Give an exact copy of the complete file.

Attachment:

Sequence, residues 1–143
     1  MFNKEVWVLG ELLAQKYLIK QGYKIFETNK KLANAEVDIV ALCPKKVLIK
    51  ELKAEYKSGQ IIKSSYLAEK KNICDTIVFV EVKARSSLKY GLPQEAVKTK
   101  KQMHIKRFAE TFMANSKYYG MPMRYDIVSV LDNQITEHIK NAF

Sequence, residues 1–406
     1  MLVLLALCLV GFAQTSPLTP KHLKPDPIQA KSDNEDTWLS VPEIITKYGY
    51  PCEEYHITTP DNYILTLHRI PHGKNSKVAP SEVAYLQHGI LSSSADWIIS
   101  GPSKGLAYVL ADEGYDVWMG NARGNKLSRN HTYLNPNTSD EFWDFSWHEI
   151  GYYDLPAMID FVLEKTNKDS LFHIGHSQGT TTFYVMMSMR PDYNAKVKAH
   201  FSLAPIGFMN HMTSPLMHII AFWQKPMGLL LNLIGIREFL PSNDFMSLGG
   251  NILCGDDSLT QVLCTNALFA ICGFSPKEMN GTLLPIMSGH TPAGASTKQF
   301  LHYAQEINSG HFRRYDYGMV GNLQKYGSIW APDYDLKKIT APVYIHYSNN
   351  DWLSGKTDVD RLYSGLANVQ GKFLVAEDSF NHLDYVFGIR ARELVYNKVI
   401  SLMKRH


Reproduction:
Sequence, residues 1–143
     1  MFNKEVWVLG ELLAQKYLIK QGYKIFETNK KLANAEVDIV ALCPKKVLIK
    51  ELKAEYKSGQ IIKSSYLAEK KNICDTIVFV EVKARSSLKY GLPQEAVKTK
   101  KQMHIKRFAE TFMANSKYYG MPMRYDIVSV LDNQITEHIK NAF

Sequence, residues 1–406
     1  MLVLLALCLV GFAQTSPLTP KHLKPDPIQA KSDNEDTWLS VPEIITKYGY
    51  PCEEYHITTP DNYILTLHRI PHGKNSKVAP SEVAYLQHGI LSSSADWIIS
   101  GPSKGLAYVL ADEGYDVWMG NARGNKLSRN HTYLNPNTSD EFWDFSWHEI
   151  GYYDLPAMID FVLEKTNKDS LFHIGHSQGT TTFYVMMSMR PDYNAKVKAH
   201  FSLAPIGFMN HMTSPLMHII AFWQKPMGLL LNLIGIREFL PSNDFMSLGG
   251  NILCGDDSLT QVLCTNALFA ICGFSPKEMN GTLLPIMSGH TPAGASTKQF
   301  LHYAQEINSG HFRRYDYGMV GNLQKYGSIW APDYDLKKIT APVYIHYSNN
   351  DWLSGKTDVD RLYSGLANVQ GKFLVAEDSF NHLDYVFGIR ARELVYNKVI
   401  SLMKRH